The Role of Mental Elaborations in Making Counterintuitive Ideas Memorable

Abstract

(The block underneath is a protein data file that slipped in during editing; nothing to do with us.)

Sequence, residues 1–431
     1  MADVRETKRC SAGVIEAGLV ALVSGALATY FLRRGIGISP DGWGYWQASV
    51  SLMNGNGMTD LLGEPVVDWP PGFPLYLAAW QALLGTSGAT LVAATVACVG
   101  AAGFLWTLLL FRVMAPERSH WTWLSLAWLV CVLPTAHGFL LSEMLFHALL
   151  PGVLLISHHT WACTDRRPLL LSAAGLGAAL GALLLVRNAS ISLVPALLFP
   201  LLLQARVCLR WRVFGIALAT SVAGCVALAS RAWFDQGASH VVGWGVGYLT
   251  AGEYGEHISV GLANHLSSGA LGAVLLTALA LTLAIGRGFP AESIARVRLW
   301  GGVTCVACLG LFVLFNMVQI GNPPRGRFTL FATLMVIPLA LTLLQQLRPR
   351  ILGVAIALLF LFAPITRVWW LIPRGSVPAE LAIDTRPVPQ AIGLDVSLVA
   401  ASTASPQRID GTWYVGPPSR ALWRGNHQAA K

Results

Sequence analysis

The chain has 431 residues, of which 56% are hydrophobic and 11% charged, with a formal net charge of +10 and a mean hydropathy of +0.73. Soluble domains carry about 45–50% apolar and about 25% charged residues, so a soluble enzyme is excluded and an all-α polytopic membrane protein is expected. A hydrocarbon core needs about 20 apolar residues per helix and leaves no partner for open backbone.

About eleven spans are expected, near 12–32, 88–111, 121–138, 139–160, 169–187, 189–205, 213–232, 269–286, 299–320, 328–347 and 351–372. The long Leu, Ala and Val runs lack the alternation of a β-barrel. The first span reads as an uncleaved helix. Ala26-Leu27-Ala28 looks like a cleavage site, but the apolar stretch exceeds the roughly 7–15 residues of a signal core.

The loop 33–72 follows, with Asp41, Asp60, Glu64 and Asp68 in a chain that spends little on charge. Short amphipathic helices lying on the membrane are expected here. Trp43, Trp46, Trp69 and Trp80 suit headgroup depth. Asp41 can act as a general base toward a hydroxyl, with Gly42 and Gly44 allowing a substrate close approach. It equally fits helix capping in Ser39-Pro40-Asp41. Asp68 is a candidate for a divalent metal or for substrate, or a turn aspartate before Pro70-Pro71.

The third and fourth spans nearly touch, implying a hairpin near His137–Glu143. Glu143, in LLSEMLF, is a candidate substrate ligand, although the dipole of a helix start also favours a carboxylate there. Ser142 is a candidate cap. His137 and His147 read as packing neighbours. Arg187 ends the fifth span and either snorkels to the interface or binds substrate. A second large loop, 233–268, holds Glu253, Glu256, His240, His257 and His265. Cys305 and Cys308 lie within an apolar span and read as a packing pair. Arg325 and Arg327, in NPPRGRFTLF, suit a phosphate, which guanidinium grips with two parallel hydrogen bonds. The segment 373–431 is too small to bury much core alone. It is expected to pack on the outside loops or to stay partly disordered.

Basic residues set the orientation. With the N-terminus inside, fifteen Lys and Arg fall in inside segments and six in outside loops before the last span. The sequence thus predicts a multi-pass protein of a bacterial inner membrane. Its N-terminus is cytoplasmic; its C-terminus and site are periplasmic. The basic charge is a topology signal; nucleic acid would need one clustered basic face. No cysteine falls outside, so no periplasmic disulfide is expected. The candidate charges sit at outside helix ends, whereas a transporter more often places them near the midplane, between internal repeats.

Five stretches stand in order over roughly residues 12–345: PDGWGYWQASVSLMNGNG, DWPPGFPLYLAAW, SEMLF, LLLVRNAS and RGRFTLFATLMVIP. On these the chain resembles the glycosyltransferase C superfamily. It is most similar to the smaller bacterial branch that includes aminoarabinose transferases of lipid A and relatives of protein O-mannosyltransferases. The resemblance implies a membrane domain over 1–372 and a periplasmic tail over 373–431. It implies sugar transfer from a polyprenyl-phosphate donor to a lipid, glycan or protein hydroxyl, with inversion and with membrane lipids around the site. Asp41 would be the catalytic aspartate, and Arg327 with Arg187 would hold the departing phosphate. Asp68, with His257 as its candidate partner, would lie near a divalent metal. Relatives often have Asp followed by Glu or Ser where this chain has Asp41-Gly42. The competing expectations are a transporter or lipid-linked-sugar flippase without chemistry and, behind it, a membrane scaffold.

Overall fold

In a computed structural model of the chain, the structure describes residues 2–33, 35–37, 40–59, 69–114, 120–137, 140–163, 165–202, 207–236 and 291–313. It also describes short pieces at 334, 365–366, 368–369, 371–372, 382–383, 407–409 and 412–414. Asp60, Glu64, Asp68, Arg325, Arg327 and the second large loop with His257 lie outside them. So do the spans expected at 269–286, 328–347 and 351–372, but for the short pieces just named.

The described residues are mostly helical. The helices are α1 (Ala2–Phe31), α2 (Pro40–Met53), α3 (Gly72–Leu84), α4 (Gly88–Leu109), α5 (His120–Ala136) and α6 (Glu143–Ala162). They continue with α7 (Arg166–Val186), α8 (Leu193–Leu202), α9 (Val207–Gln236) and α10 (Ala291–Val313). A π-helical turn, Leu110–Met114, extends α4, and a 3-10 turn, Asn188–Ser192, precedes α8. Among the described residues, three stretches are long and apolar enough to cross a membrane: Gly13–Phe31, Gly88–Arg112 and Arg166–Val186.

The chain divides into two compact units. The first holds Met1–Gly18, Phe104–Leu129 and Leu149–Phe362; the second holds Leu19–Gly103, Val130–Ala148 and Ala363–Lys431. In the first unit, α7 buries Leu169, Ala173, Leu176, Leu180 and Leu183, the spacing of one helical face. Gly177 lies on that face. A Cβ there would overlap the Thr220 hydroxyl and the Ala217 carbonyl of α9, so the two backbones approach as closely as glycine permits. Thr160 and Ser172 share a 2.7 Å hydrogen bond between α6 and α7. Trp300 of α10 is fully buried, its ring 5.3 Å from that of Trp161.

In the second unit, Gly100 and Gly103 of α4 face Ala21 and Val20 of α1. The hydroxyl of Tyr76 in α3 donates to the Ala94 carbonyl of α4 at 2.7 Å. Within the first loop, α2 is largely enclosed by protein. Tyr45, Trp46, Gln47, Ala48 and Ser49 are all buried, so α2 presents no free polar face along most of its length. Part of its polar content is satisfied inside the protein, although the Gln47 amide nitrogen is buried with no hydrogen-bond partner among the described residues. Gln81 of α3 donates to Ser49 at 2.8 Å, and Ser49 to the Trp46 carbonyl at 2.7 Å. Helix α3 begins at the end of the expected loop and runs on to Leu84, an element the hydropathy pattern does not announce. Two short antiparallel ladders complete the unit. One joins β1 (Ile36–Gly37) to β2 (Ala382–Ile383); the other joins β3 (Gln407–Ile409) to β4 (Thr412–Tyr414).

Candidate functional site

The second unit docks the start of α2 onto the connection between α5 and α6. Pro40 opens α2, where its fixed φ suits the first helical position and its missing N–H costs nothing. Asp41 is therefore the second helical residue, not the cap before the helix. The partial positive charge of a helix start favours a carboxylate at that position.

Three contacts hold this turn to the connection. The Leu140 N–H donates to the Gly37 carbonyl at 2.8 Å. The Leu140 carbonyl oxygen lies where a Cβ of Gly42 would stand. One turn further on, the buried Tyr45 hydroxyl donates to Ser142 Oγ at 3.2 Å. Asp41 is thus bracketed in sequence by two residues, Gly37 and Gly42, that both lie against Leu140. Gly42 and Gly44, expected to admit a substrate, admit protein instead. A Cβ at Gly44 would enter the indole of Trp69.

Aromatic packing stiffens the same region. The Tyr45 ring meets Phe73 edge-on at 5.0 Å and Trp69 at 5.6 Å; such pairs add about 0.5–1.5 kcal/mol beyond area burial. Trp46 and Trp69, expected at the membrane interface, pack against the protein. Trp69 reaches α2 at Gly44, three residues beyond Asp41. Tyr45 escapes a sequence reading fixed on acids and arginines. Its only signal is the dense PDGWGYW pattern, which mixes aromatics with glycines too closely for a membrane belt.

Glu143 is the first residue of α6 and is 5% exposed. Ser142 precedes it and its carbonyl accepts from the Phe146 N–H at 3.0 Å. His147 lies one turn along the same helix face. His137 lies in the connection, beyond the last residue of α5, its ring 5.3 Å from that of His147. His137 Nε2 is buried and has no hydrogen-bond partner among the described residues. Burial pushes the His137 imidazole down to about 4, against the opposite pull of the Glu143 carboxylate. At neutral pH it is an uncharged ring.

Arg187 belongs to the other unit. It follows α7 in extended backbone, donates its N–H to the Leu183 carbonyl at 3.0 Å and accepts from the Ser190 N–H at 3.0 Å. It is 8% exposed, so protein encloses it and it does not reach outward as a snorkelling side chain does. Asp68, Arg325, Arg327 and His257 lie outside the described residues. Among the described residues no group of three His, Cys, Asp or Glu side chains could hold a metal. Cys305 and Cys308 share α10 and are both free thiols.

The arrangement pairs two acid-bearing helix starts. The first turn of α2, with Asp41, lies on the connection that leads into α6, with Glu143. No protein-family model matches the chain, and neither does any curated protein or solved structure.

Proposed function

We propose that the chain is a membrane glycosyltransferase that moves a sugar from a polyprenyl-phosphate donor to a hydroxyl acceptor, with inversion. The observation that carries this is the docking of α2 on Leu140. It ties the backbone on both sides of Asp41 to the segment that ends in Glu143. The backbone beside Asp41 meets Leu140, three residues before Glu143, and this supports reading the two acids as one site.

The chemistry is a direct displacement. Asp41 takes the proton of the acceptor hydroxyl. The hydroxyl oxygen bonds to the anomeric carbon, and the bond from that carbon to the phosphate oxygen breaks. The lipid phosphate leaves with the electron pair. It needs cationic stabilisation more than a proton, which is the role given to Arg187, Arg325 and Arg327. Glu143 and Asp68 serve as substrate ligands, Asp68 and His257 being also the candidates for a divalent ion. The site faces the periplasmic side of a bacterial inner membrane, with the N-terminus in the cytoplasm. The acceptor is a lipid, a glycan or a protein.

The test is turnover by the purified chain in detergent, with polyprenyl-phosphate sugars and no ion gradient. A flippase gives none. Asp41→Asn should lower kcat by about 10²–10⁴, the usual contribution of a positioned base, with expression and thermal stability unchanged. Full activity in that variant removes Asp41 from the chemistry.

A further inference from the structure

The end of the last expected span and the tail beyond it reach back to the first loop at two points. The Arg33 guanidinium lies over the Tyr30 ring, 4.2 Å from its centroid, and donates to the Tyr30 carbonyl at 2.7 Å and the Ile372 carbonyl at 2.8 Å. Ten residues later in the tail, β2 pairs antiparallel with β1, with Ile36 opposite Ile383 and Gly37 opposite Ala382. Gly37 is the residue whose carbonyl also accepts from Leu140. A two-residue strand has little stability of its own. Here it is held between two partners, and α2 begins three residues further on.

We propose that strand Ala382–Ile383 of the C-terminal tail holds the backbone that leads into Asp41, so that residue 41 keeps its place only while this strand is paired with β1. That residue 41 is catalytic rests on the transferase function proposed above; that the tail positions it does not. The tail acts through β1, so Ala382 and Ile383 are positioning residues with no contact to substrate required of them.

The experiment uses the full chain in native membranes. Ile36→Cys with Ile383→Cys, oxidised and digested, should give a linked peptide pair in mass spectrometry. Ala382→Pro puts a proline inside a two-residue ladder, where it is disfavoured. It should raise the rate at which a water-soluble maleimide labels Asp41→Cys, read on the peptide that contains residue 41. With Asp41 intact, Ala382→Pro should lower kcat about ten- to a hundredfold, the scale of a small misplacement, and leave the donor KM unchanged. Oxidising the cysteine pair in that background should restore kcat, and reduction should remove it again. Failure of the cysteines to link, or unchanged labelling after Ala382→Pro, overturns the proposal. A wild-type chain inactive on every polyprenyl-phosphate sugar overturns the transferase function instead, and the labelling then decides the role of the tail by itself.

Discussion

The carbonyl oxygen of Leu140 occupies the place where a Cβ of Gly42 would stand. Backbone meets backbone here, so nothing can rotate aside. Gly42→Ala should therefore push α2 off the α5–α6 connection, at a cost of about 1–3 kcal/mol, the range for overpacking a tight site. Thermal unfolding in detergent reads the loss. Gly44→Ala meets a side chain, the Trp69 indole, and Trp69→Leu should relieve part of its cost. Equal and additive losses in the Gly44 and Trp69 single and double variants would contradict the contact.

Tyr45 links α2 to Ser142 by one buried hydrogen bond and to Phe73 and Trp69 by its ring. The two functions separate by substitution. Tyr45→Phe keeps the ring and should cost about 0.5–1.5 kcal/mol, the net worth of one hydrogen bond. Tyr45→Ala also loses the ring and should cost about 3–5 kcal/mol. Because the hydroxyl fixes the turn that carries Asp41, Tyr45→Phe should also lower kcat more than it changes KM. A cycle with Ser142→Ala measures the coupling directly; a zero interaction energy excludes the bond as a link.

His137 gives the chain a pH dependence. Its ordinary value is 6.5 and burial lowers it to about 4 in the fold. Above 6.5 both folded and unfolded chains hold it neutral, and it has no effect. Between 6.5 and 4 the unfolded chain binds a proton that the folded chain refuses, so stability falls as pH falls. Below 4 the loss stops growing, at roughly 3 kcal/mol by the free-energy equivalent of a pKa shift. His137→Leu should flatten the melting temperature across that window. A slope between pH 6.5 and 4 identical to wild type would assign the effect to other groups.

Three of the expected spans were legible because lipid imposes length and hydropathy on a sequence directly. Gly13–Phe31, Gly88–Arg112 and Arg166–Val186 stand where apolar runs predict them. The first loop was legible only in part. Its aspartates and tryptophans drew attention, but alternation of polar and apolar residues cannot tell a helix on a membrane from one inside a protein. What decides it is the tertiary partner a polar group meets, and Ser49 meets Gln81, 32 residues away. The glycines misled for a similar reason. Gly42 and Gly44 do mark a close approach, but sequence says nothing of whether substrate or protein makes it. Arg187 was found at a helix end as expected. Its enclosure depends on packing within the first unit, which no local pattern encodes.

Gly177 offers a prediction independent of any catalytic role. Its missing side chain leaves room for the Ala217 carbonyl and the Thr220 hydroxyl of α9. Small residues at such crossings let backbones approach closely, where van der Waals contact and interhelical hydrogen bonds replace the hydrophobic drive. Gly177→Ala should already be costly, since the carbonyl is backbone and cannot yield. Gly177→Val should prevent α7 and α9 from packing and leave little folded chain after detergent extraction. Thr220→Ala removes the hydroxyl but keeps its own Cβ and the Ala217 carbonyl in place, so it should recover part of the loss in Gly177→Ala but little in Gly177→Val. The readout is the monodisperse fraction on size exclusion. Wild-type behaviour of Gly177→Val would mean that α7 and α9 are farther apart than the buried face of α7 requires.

Previous work has suggested that concepts that are only slightly counterintuitive are more memorable than concepts that are intuitive or overly counterintuitive (Boyer, 1994; Boyer and Ramble, 2001) even though causes for this memory advantage have been debated (Barrett, 2008; Upal, 2009). This paper presents four studies conducted to better understand the cognitive processes that underlie memory for counterintuitive concepts. They suggest that elaborative processing of counterintuitive concepts may be the primary driver of the MCI effect rather than domain violation.


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